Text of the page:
NEW YORK – The tax-exempt market continues to take direction from Treasuries as lack of supply creates a supply-demand imbalance
“There is still no supply and Treasuries are up huge so everyone is grabbing for bonds today,” a Chicago trader said. “Bottom line is there is just a real drought with any kind of new offerings so we are going to stay firm as Treasuries rally.”
Munis continued to firm Monday early afternoon, according to the Municipal Market Data scale. Yields on the two-year to four-year fell two basis points while the five-year yield fell up to three basis points. The six-year yield dropped between two and four basis points and the seven-year yield plunged between three and five basis points. Outside eight years, yield plummeted between three and six basis points.
On Friday, the 10-year yield fell two basis points to 1.77% while the 30-year yield dropped four basis points to 3.23%. The two-year muni yield closed steady at 0.35% for its 11th consecutive trading session.
Treasuries continued to rally on European woes. The benchmark 10-year yield fell eight basis points to 1.82% and the 30-year yield fell 11 basis points to 2.96%. The two-year was steady at 0.22%.
In the primary market this week, $3.96 billion in bonds are expected to hit the market, up from last week’s $3.5 billion. On the negotiated calendar, $2.57 billion is expected to be priced, down from last week’ revised $2.82 billion. About $1.38 billion of competitive deals are expected, up from $673.8 million last week.
In the secondary market, trades reported by the Municipal Securities Rulemaking Board showed firming in the last trading day.
Bonds from an interdealer trade of Sharyland, Texas, Independent School District 5s of 2025 yielded 2.24%, 12 basis points lower than where they traded Friday.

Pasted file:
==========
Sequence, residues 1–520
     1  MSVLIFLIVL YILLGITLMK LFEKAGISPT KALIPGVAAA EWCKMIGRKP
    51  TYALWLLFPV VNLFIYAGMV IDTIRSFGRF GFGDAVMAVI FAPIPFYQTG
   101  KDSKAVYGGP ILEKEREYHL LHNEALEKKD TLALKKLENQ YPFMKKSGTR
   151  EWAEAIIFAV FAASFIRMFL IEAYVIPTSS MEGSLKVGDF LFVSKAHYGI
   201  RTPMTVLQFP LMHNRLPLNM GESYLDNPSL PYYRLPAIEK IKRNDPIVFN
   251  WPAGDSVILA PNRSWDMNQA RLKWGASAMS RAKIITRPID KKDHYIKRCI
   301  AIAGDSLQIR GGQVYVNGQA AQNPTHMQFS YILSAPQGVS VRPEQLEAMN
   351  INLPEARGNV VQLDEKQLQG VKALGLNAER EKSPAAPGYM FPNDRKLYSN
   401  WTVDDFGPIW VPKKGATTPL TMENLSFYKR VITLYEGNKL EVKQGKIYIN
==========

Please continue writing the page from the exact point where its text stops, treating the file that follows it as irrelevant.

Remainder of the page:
Bonds from another interdealer trade of Massachusetts State School Building Authority 5s of 2041 yielded 3.42%, 10 basis points lower than where they traded Friday.
A dealer bought from a customer Massachusetts 5.25s of 2025 at 1.58%, 4 basis points lower than where they traded Friday.
Munis have gotten more expensive on the short-end as muni-to-Treasury ratios on the five-year and 10-year have increased. Over the past week, the five-year ratio jumped to 98.7% from 92.1% and the 10-year ratio has risen to 93.7% from 90.1%. Ratios on the long-end have risen as munis have outperformed Treasuries. The 30-year muni-to-Treasury ratio fell to 105.6% from 107.7% the week prior.
The yield curve has fallen significantly in the past week. On Friday, the 10- to 30-year slope fell to 146 basis points from 151 basis points the year prior.
“This is notable because this slope has exhibited a slow, but steady, decline since the beginning of January when it began the year at plus 169 basis points,” wrote MMD’s Daniel Berger. “Perhaps this is attributable to the Fed’s operation twist policy step, which is only about halfway through. Should it continue, it will put downward pressure on long-term interest rates.”